But hold your horses — there's a good hour and a half before we step back into the arena. However, the time spent with Katniss and Peeta before the announcement that they'll be competing again for the ceremonial Quarter Quell does not drag. In fact, it's got some of the film franchise's most interesting commentary about celebrity, reality television, and the media so far, well outweighing the merit of The Hunger Games' satire on the subject matter by having Katniss struggle with her responsibilities as Panem's idol. Does she abide by the command of status quo, delighting in the public's applause for her and keeping them complacently saturated with her smiles and curtsies? Or does Katniss hold three fingers high in opposition to the machine into which she has been thrown? It's a quarrel that the real Jennifer Lawrence would handle with a castigation of the media and a joke about sandwiches, or something... but her stakes are, admittedly, much lower. Harvey Weinstein isn't threatening to kill her secret boyfriend.
Through this chapter, Katniss also grapples with a more personal warfare: her devotion to Gale (despite her inability to commit to the idea of love) and her family, her complicated, moralistic affection for Peeta, her remorse over losing Rue, and her agonizing desire to flee the eye of the public and the Capitol. Oftentimes, Katniss' depression and guilty conscience transcends the bounds of sappy. Her soap opera scenes with a soot-covered Gale really push the limits, saved if only by the undeniable grace and charisma of star Lawrence at every step along the way of this film. So it's sappy, but never too sappy.
In fact, Catching Fire is a masterpiece of pushing limits as far as they'll extend before the point of diminishing returns. Director Francis Lawrence maintains an ambiance that lends to emotional investment but never imposes too much realism as to drip into territories of grit. All of Catching Fire lives in a dreamlike state, a stark contrast to Hunger Games' guttural, grimacing quality that robbed it of the life force Suzanne Collins pumped into her first novel.
Once we get to the thunderdome, our engines are effectively revved for the "fun part." Katniss, Peeta, and their array of allies and enemies traverse a nightmare course that seems perfectly suited for a videogame spin-off. At this point, we've spent just enough time with the secondary characters to grow a bit fond of them — deliberately obnoxious Finnick, jarringly provocative Johanna, offbeat geeks Beedee and Wiress — but not quite enough to dissolve the mystery surrounding any of them or their true intentions (which become more and more enigmatic as the film progresses). We only need adhere to Katniss and Peeta once tossed in the pit of doom that is the 75th Hunger Games arena, but finding real characters in the other tributes makes for a far more fun round of extreme manhunt.
But Catching Fire doesn't vie for anything particularly grand. It entertains and engages, having fun with and anchoring weight to its characters and circumstances, but stays within the expected confines of what a Hunger Games movie can be. It's a good one, but without shooting for succinctly interesting or surprising work with Katniss and her relationships or taking a stab at anything but the obvious in terms of sending up the militant tyrannical autocracy, it never even closes in on the possibility of being a great one.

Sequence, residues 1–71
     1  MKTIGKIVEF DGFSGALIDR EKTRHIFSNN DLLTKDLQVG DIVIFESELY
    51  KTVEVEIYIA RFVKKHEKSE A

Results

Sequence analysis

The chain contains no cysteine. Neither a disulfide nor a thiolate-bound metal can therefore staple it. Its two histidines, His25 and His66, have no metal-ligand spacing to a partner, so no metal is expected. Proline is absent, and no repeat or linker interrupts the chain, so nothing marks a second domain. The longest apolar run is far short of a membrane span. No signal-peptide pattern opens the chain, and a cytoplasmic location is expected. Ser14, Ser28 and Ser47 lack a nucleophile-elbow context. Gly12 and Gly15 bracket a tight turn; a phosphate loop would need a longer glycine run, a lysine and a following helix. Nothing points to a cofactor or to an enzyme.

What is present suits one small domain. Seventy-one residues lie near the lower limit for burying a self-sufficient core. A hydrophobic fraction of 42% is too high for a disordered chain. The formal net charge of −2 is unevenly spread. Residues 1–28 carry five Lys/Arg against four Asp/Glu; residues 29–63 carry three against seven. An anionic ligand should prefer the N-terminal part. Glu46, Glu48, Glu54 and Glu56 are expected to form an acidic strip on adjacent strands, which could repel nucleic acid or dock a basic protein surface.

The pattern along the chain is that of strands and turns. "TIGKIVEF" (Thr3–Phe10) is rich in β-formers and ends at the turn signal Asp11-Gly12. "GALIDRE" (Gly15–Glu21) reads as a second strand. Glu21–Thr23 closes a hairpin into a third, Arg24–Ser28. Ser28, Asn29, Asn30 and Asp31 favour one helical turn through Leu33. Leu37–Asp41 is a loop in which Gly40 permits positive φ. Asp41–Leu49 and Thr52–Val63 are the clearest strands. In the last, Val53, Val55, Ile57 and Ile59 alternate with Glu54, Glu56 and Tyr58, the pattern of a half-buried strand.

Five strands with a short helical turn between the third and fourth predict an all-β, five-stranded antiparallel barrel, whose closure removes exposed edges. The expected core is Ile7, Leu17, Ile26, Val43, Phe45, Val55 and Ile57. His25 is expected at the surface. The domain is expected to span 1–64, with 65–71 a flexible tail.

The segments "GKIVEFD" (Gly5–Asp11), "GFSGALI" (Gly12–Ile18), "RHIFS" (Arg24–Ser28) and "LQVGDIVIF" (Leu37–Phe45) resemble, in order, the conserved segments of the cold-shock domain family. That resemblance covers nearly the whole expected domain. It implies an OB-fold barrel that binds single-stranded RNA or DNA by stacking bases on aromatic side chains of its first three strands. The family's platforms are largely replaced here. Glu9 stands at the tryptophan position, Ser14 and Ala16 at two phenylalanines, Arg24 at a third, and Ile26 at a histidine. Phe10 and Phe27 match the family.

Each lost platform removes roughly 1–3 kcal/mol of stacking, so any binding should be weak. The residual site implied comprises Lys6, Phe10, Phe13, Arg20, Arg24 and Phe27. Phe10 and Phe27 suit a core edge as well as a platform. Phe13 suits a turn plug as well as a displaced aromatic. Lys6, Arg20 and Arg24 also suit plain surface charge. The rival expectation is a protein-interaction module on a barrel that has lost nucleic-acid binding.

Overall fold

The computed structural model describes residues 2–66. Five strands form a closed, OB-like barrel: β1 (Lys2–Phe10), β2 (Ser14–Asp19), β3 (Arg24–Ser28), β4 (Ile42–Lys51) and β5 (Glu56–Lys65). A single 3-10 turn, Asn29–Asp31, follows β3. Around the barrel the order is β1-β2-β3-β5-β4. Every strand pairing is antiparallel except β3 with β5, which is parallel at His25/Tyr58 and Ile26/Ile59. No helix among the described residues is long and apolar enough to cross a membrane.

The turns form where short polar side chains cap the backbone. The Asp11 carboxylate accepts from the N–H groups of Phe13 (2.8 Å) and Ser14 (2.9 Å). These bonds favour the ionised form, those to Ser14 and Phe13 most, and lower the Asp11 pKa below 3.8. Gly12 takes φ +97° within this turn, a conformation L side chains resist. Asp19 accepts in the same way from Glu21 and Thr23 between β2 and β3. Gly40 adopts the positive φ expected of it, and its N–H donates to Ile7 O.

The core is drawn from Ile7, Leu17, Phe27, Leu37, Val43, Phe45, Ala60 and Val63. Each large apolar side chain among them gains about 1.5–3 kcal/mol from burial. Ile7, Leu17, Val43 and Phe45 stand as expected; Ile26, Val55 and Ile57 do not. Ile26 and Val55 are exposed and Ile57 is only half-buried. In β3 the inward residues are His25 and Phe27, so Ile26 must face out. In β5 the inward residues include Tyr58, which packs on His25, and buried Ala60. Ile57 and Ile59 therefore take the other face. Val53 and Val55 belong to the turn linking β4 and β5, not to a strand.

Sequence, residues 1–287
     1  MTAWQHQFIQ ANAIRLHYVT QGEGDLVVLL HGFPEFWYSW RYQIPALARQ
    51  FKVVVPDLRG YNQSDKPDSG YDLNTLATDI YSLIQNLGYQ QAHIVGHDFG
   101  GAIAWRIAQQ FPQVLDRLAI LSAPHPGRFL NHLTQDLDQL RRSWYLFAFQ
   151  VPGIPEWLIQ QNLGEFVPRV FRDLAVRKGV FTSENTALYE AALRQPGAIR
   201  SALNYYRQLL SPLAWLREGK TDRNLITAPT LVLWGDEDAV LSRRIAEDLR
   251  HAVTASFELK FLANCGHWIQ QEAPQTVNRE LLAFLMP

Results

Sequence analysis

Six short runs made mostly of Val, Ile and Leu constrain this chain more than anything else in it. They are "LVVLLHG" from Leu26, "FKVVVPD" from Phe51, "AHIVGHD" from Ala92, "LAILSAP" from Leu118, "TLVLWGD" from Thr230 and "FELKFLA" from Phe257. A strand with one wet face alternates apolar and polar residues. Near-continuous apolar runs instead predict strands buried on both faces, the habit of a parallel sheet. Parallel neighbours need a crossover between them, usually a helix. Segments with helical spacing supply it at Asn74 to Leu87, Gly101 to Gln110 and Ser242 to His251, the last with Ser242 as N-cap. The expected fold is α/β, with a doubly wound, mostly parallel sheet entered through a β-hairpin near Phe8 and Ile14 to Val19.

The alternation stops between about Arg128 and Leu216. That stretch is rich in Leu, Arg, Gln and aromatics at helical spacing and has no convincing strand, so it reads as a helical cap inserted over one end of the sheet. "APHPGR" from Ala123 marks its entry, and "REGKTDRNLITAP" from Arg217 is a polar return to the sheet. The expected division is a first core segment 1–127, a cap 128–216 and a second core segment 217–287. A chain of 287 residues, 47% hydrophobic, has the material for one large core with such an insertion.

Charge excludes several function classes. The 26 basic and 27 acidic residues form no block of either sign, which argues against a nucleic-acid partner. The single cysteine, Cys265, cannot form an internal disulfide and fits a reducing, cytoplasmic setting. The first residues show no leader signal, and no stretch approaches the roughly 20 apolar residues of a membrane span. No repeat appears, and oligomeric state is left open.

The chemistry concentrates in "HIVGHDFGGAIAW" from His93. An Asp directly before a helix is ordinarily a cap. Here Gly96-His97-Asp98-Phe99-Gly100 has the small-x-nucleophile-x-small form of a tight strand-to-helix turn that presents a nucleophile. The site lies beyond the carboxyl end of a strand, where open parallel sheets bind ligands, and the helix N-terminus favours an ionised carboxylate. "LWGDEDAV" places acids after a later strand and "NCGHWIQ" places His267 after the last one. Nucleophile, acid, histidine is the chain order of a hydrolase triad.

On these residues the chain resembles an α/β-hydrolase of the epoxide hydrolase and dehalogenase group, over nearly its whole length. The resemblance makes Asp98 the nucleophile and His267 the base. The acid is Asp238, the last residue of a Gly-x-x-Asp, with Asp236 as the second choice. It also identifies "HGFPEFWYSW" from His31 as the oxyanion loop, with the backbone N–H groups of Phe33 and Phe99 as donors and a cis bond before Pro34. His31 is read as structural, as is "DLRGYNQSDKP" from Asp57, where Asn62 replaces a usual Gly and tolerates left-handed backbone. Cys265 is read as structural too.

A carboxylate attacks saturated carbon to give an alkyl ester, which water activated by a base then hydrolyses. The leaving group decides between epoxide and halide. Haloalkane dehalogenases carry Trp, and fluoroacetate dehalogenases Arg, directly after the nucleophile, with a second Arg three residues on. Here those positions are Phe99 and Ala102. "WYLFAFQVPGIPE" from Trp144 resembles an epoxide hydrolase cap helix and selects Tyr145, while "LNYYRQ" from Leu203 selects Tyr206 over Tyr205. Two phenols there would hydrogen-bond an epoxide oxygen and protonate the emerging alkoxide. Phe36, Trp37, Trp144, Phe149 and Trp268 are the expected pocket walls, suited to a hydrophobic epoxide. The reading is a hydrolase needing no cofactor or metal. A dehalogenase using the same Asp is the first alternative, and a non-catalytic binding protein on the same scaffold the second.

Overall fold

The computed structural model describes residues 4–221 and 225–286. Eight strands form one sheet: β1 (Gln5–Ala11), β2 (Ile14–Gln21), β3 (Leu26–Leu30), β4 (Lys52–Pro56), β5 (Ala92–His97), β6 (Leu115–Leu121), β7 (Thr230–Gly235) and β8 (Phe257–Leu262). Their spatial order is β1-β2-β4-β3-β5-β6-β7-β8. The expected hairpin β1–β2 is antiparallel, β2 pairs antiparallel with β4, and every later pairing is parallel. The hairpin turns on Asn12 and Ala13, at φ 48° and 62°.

Follow @Michael Arbeiter
| Follow @Hollywood_com
Theatre impresario Andrew Lloyd Webber's daughter Imogen has landed a job at stage news website Broadway.com. She will reportedly cover the opening night of her dad's new play Stephen Ward for the site next month (Dec13).
After Dark Films
It seems a bit odd to take on a movie review of Courtney Solomon's Getaway, as only in the loosest terms is Getaway actually a movie. We begin without questions — other than a vague and frustrating "What the hell is going on?" — and end without answers, watching Ethan Hawke drive his car into things (and people) for the hour and a half in between. We learn very little along the way, probed to engage in the mystery of the journey. But we don't, because there's no reason to.
There's not a single reason to wonder about any of the things that happen to Hawke's former racecar driver/reformed criminal — forced to carry out a series of felonious commands by a mysterious stranger who is holding his wife hostage — because there doesn't seem to be a single ounce of thought poured into him beyond what he see. We learn, via exposition delivered by him to gun-toting computer whiz Selena Gomez, that he "did some bad things" before meeting the love of his life and deciding to put that all behind him. Then, we stop learning. We stop thinking. We start crashing into police cars and Christmas trees and power plants.
Why is Selena Gomez along for the ride? Well, the beginnings of her involvement are defensible: Hawke is carrying out his slew of vehicular crimes in a stolen car. It's her car. And she's on a rampage to get it back. But unaware of what she's getting herself into, Gomez confronts an idling Hawke with a gun, is yanked into the automobile, and forced to sit shotgun while the rest of the driver's "assignments" are carried out. But her willingness to stick by Hawke after hearing his story is ludicrous. Their immediate bickering falls closer to catty sexual tension than it does to genuine derision and fear (you know, the sort of feelings you'd have for someone who held you up or forced you into accessorizing a buffet of life-threatening crimes).
After Dark Films
The "gradual" reversal of their relationship is treated like something we should root for. But with so little meat packed into either character, the interwoven scenes of Hawke and Gomez warming up to each other and becoming a team in the quest to save the former's wife serve more than anything else as a breather from all the grotesque, impatient, deliberately unappealing scenes of city wreckage.
And as far as consolidating the mystery, the film isn't interested in that either, as evidenced by its final moments. Instead of pressing focus on the answers to whatever questions we may have, the movie's ultimate reveal is so weak, unsubstantial, and entirely disconnected to the story entirely, that it seems almost offensive to whatever semblance of a film might exist here to go out on this note. Offensive to the idea of film and story in general, as a matter of fact. But Getaway isn't concerned with these notions. Not with story, character, logic, or humanity. It just wants to show us a bunch of car crashes and explosions. So you'd think it might have at least made those look a little better.
More Reviews:'The Hunt' Is Frustrating and Fantastic'You're Next' Amuses and Occasionally Scares'Short Term 12' Is Real and Miraculous
Follow @Michael Arbeiter
| Follow @Hollywood_com
From Our Partners:40 Most Revealing See-Through Red Carpet Looks (Vh1)15 Stars Share Secrets of their Sex Lives (Celebuzz)